And so began a work and a presence that has now reached its 100th year. In that time, the Marianists have been instrumental in the Christian education and formation of many young Canadians. In Winnipeg, they taught from 1880 to 1917 at St.Mary’s school, where they were commonly known as the ‘Brothers of Mary’. For a few years some brothers also taught at St. Joseph’s school, then at 130 Hargrave in downtown Winnipeg.

In 1899, on the St.Boniface side of the Red River, three more brothers arrived and began teaching at Provencher School, then on Masson Street. In 1907, they opened the New Provencher School on Cathedrale Avenue. They were destined to exercise their apostolate to the people of St.Boniface in and through this institution until 1972. That year, the last brother to teach full time at Provencher retired. At one time, he had been a student in this school and then taught there many years. Having laboured long and hard for and with the young here in Manitoba, in Quebec and in the United States, Brother Joseph O. Provencher was able to withdraw from active teaching conscious that he had always given of himself for the good of others.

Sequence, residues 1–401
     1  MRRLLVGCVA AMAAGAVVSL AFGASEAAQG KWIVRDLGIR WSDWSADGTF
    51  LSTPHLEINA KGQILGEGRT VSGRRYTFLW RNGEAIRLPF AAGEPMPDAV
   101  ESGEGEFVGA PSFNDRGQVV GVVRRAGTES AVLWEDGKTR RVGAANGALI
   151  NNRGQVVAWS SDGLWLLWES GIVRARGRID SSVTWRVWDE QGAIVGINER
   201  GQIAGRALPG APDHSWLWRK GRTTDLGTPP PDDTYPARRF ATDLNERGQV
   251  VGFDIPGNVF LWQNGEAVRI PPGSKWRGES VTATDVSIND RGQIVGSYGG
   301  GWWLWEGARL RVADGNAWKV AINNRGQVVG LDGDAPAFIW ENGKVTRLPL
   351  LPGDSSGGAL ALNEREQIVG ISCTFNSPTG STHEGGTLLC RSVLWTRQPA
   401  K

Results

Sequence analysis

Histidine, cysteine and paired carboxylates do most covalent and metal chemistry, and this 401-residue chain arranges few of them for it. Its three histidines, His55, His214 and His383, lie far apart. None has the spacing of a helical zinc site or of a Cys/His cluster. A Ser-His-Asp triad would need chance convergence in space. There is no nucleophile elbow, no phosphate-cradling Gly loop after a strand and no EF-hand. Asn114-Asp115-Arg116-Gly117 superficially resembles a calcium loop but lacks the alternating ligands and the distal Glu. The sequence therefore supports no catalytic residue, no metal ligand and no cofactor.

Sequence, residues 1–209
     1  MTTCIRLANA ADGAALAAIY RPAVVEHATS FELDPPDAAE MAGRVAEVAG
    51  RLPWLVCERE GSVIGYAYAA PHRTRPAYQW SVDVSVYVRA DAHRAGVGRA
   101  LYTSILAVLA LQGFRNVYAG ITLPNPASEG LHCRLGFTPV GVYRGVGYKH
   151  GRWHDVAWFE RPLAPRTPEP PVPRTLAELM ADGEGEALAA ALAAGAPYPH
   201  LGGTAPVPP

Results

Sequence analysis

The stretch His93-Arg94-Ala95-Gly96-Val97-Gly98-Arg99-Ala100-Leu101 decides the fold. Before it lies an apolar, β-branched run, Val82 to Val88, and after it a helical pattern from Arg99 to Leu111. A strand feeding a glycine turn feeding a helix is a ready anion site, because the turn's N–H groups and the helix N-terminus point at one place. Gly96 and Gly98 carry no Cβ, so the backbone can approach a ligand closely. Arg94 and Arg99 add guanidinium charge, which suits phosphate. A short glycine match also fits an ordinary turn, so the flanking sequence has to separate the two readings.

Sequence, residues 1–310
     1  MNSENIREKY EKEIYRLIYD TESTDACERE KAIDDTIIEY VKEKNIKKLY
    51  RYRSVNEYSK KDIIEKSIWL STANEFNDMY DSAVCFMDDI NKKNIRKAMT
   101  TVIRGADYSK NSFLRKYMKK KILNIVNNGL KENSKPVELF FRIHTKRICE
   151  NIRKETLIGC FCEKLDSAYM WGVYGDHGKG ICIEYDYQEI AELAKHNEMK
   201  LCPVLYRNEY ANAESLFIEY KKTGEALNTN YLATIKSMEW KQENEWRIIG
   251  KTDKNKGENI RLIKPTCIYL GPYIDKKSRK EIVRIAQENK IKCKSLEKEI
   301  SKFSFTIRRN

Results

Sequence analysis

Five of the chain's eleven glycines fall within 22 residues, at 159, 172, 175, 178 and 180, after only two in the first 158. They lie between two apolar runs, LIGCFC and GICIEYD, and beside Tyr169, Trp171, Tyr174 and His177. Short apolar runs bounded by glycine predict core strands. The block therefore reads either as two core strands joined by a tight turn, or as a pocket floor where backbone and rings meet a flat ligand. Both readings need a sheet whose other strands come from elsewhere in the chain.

When Provencher became a grade and junior high school, most of the brothers then teaching there were transferred to the new local high school, Louis Riel Collegiate. Many taught there until 1974.

For some 23 years, the Marianists directed a house of religious formation and a school in Saint-Jean-Baptiste (1917-1940). Young men who manifested an interest in the Marianist way of life spent some time in this residence praying and studying.

Over these 100 years of Marianist presence in Manitoba, one of the highlights has surely been their educational work at Provencher. A number of men associated with this institution were somewhat legendary figures even in their own day. Brother Joseph Fink, commonly called «Frère Joseph» was Principal of this school for 25 years. Numerous articles from the local papers attest to his wide field of activity during these days. At his death in 1935, he was replaced as Principal by Brother Joseph Bruns.

In his own right, Brother Bruns has also become a significant figure in Manitoba’s educational  history. As Principal of Provencher and then as Superintendent of the St.boniface School Division, he worked without cease for the rights of parochial schools in Manitoba. His presence on the McFarlane Royal Commission for Education in 1957 was but one of the many services rendered to the people of Manitoba. A few years before his death (1973) he was significantly honored and was present at the dedication of a school bearing his name : J.H. Bruns Collegiate in Southdale.